[Dehai-WN] Foreignpolicy.com: The Tears of Somalia

[Dehai-WN] Foreignpolicy.com: The Tears of Somalia

From: Berhane Habtemariam <Berhane.Habtemariam_at_gmx.de_at_dehai.org>
Date: Tue, 11 Oct 2011 17:21:46 +0200

 <http://www.foreignpolicy.com/articles/2011/10/10/the_tears_of_somalia> The
Tears of Somalia

Turkey is redoubling its efforts to end the suffering of the Somali people.
The world should follow.


.....The military contribution provided by Uganda and Burundi within the
African Union Mission in Somalia (AMISOM) to prevent chaos and terror
deserves appreciation. With this opportunity, I would like to issue a call
to all neighboring countries, including Eritrea, to increase their existing
efforts for the establishment of peace and security in Somalia and to
enhance long-term regional stability.........


Somalia is suffering from the most severe drought and famine in the last 60
years, which has already resulted in the deaths of tens of thousands of
people and endangers the lives of 750,000 more Somalis. This crisis tests
the notion of civilization and our modern values. It reveals, once again,
that it is a basic human obligation to pursue international cooperation and
solidarity to provide solace for those suffering from natural and man-made

It is not realistic to consider Somalia's plight as caused solely by a
severe natural disaster. We cannot ignore the fact that, in addition to the
drought, the international community's decision to leave Somalia to its own
fate is also an underlying factor causing this drama. Twenty years of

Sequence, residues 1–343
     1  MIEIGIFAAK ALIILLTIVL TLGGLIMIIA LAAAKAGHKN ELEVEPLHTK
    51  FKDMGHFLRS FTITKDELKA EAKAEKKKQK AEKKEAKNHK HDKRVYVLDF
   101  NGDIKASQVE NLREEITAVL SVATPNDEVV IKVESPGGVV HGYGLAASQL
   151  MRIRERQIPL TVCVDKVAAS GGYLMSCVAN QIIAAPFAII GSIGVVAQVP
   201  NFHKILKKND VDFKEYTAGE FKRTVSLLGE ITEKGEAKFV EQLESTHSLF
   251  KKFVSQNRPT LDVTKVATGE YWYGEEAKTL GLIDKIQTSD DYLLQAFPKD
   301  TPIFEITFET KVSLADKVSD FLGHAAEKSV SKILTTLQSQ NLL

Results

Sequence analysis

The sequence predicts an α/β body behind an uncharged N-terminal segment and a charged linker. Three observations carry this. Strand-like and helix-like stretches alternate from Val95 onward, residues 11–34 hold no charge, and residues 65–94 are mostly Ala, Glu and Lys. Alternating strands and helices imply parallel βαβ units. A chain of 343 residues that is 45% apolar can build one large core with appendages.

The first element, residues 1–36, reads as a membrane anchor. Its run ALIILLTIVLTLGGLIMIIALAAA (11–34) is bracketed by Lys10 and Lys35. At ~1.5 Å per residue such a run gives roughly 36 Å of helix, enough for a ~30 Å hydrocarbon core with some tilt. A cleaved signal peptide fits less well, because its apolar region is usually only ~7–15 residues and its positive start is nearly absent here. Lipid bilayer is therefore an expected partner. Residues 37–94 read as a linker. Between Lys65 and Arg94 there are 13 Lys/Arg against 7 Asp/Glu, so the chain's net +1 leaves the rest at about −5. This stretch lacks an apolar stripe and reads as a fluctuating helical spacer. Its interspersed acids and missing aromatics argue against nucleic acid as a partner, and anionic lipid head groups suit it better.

political and social instability, lawlessness, and chaos have added
enormously to the problems in Somalia. The horrifying truck bombing of the
Transitional Federal Government's ministerial complex on Oct. 4 is just the
latest evidence of this. The international community must not respond to
this act of terrorism by retreating from Somalia, but by redoubling its
efforts to bring aid to its people.

Nobody with common sense and conscience can remain indifferent to such a
drama, wherever on Earth it may be and whichever people have to bear it. Our
urgent intervention as responsible members of the international community
can contribute to the alleviation of the Somali people's distress. However,
the establishment of lasting peace and stability will only be possible
through long-term, far-reaching, and coordinated efforts.

Turkey mobilized last month to help end this suffering. We consider this
solidarity a humanitarian obligation toward the people of Somalia, with whom
we have deep historical relations. Many of our institutions, NGOs, and